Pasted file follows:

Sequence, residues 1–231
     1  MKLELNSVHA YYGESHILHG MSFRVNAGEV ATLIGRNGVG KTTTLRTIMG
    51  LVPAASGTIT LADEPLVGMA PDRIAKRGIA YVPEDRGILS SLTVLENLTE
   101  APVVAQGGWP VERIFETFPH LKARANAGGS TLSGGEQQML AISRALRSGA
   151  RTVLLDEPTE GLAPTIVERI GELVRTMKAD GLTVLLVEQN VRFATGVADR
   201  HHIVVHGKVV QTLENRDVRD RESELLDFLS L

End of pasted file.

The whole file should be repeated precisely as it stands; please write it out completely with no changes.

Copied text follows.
Sequence, residues 1–231
     1  MKLELNSVHA YYGESHILHG MSFRVNAGEV ATLIGRNGVG KTTTLRTIMG
    51  LVPAASGTIT LADEPLVGMA PDRIAKRGIA YVPEDRGILS SLTVLENLTE
   101  APVVAQGGWP VERIFETFPH LKARANAGGS TLSGGEQQML AISRALRSGA
   151  RTVLLDEPTE GLAPTIVERI GELVRTMKAD GLTVLLVEQN VRFATGVADR
   201  HHIVVHGKVV QTLENRDVRD RESELLDFLS L